The actor and political campaigner Tony Booth, who starred in the sitcom Till Death Us Do Part, has died.
In a statement, the 85-year-old's family said he passed away with "close family members in attendance".
Booth was the father of Cherie Blair - and when his son-in-law Tony Blair became Prime Minister in 1997, the actor's political views proved to be an occasional thorn in the PM's side.
He was diagnosed with Alzheimer's in 2004 and had also suffered heart problems.
In Till Death Us Do Part in the 1960s, Booth became known to viewers as "Scouse git" Mike - the long-haired, left-wing son-in-law of right-wing Cockney Alf Garnett.
Booth was the father of nine daughters, and he was married four times.
His third marriage was to Pat Phoenix, who played Elsie Tanner in Coronation Street. She died from cancer a week after their wedding in 1986.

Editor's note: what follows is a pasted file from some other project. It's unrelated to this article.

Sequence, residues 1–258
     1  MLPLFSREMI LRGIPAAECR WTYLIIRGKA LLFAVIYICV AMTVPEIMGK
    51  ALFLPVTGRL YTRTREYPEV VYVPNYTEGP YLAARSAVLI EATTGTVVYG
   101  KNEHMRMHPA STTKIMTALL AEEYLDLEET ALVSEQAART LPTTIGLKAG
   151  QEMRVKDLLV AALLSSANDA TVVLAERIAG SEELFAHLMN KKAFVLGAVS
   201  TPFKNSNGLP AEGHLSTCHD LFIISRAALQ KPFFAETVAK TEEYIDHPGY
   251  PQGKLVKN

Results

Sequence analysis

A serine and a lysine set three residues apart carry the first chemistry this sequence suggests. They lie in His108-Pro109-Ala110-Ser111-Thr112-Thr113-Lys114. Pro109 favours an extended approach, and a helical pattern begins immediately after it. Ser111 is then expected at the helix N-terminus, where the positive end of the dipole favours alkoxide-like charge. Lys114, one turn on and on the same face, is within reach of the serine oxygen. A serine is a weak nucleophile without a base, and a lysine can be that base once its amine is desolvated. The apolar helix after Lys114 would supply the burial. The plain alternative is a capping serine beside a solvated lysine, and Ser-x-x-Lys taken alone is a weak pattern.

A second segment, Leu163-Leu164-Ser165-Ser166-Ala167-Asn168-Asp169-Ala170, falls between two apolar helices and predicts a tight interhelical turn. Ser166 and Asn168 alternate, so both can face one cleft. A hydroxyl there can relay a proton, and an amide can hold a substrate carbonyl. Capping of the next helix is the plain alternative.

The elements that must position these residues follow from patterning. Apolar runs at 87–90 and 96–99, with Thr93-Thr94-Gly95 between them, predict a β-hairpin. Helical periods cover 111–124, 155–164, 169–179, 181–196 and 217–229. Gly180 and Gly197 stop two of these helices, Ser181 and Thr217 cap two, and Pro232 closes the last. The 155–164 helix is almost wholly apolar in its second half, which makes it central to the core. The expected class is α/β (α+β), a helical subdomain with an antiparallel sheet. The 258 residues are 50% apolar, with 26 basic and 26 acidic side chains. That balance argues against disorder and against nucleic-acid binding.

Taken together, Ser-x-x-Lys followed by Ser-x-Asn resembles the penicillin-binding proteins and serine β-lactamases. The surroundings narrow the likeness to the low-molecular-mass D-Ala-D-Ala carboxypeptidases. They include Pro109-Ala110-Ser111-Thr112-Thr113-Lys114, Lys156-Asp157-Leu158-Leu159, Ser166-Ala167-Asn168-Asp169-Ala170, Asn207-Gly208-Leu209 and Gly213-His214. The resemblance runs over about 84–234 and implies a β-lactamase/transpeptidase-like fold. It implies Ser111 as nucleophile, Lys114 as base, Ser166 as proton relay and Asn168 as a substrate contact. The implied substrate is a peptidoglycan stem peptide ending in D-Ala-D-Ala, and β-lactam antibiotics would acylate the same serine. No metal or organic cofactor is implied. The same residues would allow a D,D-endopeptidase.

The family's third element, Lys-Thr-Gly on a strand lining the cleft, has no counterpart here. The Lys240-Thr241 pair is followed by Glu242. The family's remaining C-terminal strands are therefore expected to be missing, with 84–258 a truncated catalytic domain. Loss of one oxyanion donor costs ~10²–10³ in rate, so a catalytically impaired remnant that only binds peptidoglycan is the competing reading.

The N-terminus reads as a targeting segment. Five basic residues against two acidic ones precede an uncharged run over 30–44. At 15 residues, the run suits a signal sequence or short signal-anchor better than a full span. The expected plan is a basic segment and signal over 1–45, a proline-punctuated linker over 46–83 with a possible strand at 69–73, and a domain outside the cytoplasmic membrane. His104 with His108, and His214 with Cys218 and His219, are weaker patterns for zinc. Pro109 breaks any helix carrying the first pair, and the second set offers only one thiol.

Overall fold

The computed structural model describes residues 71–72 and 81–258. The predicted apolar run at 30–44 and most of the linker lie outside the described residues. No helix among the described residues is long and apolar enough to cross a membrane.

He married his fourth wife Stephanie Buckley in 1998.
Cherie Booth was born in Lancashire in 1954 during his marriage to Gale Booth - but he had left his young family when she was five years old.
A political campaigner, Booth had joined the Labour Party when he was 15 years old. He did not hold back from criticising the Government when Mr Blair was given the keys to Downing Street.
In 2000, he claimed Mr Blair had stuffed the House of Lords with "Tony's Cronies" - and two years later, he controversially lifted the lid on life in Downing Street with his autobiography What's Left?
Despite the political differences, Booth remained close to his daughter, and was with her and her husband at his constituency election count in the 2005 General Election.
Born in Liverpool in 1931, Booth discovered a talent for acting during his National Service.
As well as his role in Till Death Us Do Part, he spent a brief time on the cobbles in Coronation Street between 1960 and 1961 - playing Malcolm Wilkinson.
His acting career enjoyed a revival in the 1990s, with roles in Holby City, The Bill and Mersey Beat.
In 1979, Booth almost burned himself to death in a fire at his flat, and he remained in hospital for months.
(c) Sky News 2017